‘Heroínas’ is the latest album by ‘Marinah.’ Valencian born and bred, she is the former vocalist & leader of the legendary band ‘Ojos de Brujo.’

From 1996-2013, they were the “world fusion” music collective that combined Catalan rumba, reggae, ska, rock and rap…and achieved international acclaim as they toured the globe.

From triumphant shows at the Womad festival and on the Jools Holland ‘Later’ TV show, they were nominated for ‘Awards for World Music’ by BBC Radio 3. ‘Ojos de Brujo’ won a Latin Grammy for their music and left behind quite a legacy…

With the skill that comes with the experience of endless tours and studio sessions, Marinah’s latest solo album explores urban music like rap and electrocumbia as she collaborates in duets with a number of women artists like La Dame Blanche, Rocío Márquez, Nakani Kanté. She takes a trip from the Mediterranean to the Caribbean via flamenco, rumba and even dembow… the rhythm of Jamaican origin from which reggaeton originates.

“It’s a versatile collection of grooves…” says the singer about her new solo album. The album’s concept is unified by its rhythms, propelling the songs ever onwards. There’s an array of beats & tasty keyboard fills and sometimes Cuban trumpet & piano within these catchy tunes with choruses that stick. Each song has a message from the street. It has been described as “urban gypsy music.”

This distinctive album was due out earlier but its release was delayed for 12 months due to COVID. Indeed, Marinah was “holed up in a flat near Valencia during the first months of the lockdown but I was able to relocate to Formentera.”

The struggle of women is the focus of her new album…

Marinah: “I’m a survivor, my mother was one of the first junkies, one of the first to use heroin in Spain. I am a daughter of that; I have survived the ruin of heroin in my life. Historically, women have been oppressed and ignored. You can’t deny it, just like you can’t deny racism.”

Adhering to the slogan: ‘To exist is to conquer’, she adds: “This album is an exercise in epic resistance. It is a homage to everyday heroines. I don’t care if she is a cleaner or a mayoress, invisible or visible, because we are crushed by the system all the same”.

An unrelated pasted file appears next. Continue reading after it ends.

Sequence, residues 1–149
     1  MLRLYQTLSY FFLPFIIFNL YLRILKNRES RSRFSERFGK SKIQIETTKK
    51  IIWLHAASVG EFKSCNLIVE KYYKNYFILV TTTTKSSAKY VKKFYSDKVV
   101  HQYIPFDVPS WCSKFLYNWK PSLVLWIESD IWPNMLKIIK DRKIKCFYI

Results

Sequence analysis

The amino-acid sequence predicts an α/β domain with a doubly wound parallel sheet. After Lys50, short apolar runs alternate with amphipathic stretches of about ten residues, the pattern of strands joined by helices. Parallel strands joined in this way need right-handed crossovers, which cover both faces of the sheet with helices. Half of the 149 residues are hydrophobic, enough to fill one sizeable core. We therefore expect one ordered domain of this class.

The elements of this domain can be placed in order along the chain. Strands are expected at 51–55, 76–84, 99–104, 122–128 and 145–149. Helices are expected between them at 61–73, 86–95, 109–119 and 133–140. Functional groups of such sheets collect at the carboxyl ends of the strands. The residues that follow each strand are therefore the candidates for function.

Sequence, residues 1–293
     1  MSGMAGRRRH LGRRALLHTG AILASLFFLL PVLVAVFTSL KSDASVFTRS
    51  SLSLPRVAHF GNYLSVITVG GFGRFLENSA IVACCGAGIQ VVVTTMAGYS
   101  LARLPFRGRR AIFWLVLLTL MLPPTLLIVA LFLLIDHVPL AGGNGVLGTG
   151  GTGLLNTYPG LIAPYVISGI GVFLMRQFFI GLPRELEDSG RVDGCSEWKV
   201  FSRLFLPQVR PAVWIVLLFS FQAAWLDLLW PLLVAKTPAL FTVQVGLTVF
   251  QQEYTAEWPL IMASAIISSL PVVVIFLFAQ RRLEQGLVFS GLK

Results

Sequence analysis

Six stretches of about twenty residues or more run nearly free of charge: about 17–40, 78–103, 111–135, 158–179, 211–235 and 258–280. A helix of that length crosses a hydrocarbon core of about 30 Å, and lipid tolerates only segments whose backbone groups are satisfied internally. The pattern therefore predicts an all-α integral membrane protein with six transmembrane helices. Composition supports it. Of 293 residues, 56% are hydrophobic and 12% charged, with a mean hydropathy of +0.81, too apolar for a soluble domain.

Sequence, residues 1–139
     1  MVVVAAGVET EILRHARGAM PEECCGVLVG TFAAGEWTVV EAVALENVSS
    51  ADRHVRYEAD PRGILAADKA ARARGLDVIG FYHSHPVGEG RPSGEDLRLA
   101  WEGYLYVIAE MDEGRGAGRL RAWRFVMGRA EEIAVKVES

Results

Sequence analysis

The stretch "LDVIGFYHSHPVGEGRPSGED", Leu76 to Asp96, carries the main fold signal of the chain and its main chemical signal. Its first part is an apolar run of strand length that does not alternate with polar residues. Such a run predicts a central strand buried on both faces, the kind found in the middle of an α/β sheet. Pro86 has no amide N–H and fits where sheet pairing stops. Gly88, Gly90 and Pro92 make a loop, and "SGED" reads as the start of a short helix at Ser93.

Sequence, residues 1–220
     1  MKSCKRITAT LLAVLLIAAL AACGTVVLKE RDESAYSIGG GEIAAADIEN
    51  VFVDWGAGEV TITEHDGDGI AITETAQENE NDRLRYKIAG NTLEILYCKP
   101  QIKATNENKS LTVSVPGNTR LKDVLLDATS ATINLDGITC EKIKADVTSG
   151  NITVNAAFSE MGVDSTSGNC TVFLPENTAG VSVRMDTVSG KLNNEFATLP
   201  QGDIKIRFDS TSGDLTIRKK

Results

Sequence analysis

Regarding her particular mix of heady sounds and styles, Marinah confesses: “My virtues are my faults. However deeply I have studied a pure genre like flamenco over many years, I actually prefer to pick and choose & fuse genres when it comes to the music that suits my songs. I have always felt like an alternative artist. When I achieved what some might call fame via music I actually ended up kind of boycotting all that surrounds that world… and I ended up doing the opposite of what I was supposed or expected to do.”

This album reflects what she is listening to at home. She digs the music of her collaborators: ” I still listen to urban music, I like cumbia, dancehall and reggaeton.”

Speaking about the album cover for ‘Heroinas,’ Marinah concludes: “It reflects a figure with an elevated consciousness but with her feet on the ground, overalls and a gas mask. The goddess we all have inside us, the warrior ready for “rexistence” in all dimensions. A contemporary ‘heroine’… her ‘superpower’ is the skill to get back on her feet.”

Report by ‘24/7 Valencia’ team

Article copyright 24/7 Valencia

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